Peter Flaherty: Because they don’t have the goods yet on Gupta. If they did, they would certainly pursue this. Let me ask you Richard, what would happen if there was no conviction in this case? Wouldn’t we open up the floodgates of all kinds of insider trading and winking and conversations over the phone? I strongly hope that there is a conviction. For one thing it will make people more aware of what they say on the phone. It is not a panacea. But you cannot say it will have no impact.
Amanda (Mandy) Drury: Would it change policies or rules and regulations? Not that we need more of those, but nonetheless do you think it is going to lead to increased calls for a chance in the system, Richard?
Richard Roth: It is not going to change policies. It is not going to have an impact. Whoever is doing it is either a thief or a fool and they are not going to change their ways. Everyone is going to say, you know Raj was stupid because there was forty tape recorded conversations, I am going to do it differently. I am telling you, for years this is an age old discussion, it is not going to change anything, unfortunately,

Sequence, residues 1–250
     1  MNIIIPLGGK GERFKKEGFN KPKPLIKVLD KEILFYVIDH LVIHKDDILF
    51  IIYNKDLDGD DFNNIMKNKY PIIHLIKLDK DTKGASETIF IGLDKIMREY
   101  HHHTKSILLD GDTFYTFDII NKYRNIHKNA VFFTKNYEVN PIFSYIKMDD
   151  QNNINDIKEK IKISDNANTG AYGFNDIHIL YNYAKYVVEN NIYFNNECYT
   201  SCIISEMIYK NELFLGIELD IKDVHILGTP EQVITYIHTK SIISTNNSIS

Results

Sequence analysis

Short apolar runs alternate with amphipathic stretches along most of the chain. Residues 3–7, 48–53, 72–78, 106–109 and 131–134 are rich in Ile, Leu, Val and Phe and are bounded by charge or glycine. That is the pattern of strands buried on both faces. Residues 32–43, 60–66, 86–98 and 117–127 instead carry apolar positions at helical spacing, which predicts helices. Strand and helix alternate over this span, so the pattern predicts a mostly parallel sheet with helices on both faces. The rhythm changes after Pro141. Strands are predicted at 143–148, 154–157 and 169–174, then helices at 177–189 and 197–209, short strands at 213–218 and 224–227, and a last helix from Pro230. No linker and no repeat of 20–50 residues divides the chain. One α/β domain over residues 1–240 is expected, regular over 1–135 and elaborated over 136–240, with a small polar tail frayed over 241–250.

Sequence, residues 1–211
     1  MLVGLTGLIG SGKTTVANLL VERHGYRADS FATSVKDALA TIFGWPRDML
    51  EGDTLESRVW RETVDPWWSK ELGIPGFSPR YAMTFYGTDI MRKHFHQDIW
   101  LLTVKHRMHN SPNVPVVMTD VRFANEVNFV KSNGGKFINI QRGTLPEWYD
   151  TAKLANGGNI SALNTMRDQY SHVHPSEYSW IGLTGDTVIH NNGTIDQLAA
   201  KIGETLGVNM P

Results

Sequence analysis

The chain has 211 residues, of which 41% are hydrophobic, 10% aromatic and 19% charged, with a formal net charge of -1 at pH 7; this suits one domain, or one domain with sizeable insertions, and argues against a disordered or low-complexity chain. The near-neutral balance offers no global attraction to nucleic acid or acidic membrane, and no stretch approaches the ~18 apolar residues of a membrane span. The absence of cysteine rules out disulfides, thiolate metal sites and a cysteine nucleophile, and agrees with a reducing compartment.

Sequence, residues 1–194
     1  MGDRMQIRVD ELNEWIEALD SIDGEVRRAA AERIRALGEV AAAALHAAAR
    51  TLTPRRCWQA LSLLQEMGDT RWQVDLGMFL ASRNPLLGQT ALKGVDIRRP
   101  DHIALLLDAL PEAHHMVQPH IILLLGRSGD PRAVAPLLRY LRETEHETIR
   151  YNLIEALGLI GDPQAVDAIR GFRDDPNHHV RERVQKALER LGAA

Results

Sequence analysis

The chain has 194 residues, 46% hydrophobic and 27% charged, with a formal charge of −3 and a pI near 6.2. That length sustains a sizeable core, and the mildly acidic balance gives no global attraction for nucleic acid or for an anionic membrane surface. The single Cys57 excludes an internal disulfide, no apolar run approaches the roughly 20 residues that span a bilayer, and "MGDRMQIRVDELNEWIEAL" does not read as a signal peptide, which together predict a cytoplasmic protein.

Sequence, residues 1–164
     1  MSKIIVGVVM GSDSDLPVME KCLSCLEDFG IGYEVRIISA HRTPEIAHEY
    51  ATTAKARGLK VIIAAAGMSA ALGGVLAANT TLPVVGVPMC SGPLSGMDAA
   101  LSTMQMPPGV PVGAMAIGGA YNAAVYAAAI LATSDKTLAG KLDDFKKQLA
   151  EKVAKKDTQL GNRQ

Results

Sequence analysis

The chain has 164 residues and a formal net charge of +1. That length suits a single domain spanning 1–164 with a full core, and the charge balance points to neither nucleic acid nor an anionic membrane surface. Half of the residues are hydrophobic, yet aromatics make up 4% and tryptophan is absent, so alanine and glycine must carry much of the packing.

Peter Flaherty: It is an age old discussion. Even economists like the late Milton Friedman argued that insider trading should be legal. For the time being, it is not. And whether Richard you think it has much of an impact or not, I think that the Justice Department and the SEC have to pursue these cases. They have these nickel and dime cases where people make fifty thousand, a hundred thousand dollars and they go to prison. This is fraud at the highest levels of finance. It is critically important that these prosecutions take place. You know with 2008 financial meltdown they couldn’t prove any criminal conduct. Even though we know there was lots of criminal conduct.